Graduation Year


Document Type




Degree Granting Department


Major Professor

Michael Anderson, Ph.D.

Co-Major Professor

Lili Sahakyan, Ph.D.

Committee Member

Dewey Rundus, Ph.D.

Committee Member

Mark Goldman, Ph.D.

Committee Member

Cheryl Kirstein, Ph.D.


Memory, Forgetting, Suppression, Integration, Interference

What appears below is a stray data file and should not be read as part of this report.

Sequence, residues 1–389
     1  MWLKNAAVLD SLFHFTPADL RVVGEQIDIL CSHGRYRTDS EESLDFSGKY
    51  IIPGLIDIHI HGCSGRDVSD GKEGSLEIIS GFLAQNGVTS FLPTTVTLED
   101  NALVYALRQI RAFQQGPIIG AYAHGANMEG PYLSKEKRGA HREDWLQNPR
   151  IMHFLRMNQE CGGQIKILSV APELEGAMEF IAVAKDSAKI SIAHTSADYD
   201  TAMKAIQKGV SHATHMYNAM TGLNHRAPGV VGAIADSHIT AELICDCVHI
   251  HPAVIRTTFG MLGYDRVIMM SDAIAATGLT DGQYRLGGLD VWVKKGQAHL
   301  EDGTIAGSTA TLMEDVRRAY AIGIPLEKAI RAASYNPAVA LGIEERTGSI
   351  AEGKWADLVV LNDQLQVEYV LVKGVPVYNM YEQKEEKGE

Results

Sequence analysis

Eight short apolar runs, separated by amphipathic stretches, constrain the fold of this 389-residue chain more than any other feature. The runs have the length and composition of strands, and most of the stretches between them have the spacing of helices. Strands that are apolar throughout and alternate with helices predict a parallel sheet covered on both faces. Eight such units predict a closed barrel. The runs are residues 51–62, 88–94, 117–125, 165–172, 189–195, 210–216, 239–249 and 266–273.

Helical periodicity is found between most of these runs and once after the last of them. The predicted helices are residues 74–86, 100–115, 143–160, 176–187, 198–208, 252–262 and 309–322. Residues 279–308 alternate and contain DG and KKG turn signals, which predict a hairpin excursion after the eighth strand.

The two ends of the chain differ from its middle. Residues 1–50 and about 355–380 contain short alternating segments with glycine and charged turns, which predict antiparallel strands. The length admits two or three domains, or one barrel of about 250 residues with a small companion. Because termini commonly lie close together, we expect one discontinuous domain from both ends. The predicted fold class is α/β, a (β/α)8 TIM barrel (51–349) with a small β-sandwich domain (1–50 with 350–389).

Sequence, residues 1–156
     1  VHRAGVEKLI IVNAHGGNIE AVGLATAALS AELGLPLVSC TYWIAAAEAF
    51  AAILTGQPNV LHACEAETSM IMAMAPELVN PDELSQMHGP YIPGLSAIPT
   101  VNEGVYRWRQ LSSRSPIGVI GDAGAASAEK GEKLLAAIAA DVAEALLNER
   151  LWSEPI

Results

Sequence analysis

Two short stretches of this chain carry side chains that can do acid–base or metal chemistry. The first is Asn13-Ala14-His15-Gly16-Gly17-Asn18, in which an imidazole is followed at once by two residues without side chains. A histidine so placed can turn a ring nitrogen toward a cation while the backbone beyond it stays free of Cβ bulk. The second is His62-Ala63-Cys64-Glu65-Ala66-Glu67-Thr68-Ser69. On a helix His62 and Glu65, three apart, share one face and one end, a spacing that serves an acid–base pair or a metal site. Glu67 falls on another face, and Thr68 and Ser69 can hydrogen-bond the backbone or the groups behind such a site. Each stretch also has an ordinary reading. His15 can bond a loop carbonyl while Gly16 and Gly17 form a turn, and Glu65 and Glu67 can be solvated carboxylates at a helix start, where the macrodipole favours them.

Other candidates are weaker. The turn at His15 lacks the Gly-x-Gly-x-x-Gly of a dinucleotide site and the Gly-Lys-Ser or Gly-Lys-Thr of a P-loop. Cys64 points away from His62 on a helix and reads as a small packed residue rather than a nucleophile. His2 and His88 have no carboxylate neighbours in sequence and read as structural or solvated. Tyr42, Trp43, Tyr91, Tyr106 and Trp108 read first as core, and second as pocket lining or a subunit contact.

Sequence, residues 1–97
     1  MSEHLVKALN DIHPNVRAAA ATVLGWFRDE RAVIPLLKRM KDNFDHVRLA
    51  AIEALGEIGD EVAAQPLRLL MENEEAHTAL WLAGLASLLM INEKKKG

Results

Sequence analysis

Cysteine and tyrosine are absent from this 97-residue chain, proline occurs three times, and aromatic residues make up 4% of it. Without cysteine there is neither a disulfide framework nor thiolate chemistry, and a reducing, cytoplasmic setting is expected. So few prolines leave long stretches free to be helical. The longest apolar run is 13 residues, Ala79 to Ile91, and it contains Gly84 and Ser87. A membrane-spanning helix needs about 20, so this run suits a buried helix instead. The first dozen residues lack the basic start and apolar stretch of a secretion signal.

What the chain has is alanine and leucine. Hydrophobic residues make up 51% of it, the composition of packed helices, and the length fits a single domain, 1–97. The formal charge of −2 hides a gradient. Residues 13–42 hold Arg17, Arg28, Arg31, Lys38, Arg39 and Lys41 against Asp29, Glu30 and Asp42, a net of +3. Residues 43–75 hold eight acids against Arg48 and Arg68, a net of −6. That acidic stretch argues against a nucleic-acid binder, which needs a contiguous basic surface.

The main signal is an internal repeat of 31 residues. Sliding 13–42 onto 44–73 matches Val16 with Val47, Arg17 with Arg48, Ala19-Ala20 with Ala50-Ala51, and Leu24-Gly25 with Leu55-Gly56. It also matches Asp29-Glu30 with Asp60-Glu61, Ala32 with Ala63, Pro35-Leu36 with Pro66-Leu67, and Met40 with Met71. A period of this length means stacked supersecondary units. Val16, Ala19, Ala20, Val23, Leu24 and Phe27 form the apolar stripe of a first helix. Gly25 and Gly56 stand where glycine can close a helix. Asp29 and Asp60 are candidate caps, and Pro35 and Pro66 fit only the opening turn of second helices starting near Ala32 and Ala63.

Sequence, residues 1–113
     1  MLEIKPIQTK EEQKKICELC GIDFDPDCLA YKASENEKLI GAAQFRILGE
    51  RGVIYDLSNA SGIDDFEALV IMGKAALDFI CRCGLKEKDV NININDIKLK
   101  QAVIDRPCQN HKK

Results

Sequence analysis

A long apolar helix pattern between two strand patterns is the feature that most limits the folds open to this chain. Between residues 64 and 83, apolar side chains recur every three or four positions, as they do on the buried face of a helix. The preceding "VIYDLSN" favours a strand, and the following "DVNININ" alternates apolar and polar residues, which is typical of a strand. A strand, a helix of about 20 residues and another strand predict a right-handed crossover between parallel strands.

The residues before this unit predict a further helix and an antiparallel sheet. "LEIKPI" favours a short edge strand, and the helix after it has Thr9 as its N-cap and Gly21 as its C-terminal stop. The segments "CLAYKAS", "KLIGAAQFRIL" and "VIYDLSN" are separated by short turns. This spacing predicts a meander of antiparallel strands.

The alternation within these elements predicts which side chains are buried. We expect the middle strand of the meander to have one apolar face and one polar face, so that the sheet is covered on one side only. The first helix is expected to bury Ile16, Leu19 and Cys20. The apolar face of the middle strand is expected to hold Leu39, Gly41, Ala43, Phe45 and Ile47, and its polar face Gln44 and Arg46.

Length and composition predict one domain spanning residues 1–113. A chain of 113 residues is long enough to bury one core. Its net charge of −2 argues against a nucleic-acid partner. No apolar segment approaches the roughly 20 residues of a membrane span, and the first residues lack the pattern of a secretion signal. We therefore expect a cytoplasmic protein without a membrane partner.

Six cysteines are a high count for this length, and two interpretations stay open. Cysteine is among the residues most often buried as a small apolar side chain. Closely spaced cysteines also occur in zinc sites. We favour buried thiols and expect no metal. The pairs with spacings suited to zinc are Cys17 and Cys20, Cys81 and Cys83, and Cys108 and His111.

When people form episodic connections between memories that share a common retrieval cue, the tendency for those memories to interfere in later retrieval is often eliminated, and forgetting of the interfering information is reduced. For example, episodic integration protects memories from retrieval-induced forgetting (RIF), a phenomenon in which practicing retrieving some associates of a cue leads to the suppression of others that interfere with retrieval (Anderson, Green, & McCulloch, 2000). The purpose of this study was to determine whether semantic integration, as a result of pre-existing associations between practiced items and their unpracticed competitors, also moderates RIF. This research was motivated by the existence of many pre-existing associations between the practiced and unpracticed sets in one study that failed to replicate the RIF effect with item specific cues (Butler, William, Zacks, & Maki, 2001). It was hypothesized that pre-existing associations increase the implicit, semantic integration among the items, “insulating” them from inhibitory effects. The results were consistent with this hypothesis: when associations between the practiced and nonpracticed sets were maximized, no forgetting was observed, however when such associations were minimized, there were reliable levels of RIF. The benefits of semantic integration were replicated across four experiments including one that used Butler’s original materials and design. Furthermore, when Butler’s items were simply re-arranged in order to minimize the associations and thus reduce semantic integration, the typical RIF effect was observed. Additional results revealed that the moderating effects of semantic integration are not mediated by explicit integration strategies. Participants who received incidental learning instructions and so reported very low levels of episodic integration, still exhibited the same benefits of semantic integration. Finally, it was also shown that increasing the use of explicit integration strategies by increasing the study time, also reduced the RIF effect. The results of the current set of studies reveal that failure to control for pre-existing associations may account for variability in the RIF phenomenon. The results also suggest that the memory system is adaptive to the needs of the organism, in that it operates to keep related memories that are necessary for cognition active, but suppresses interfering memories.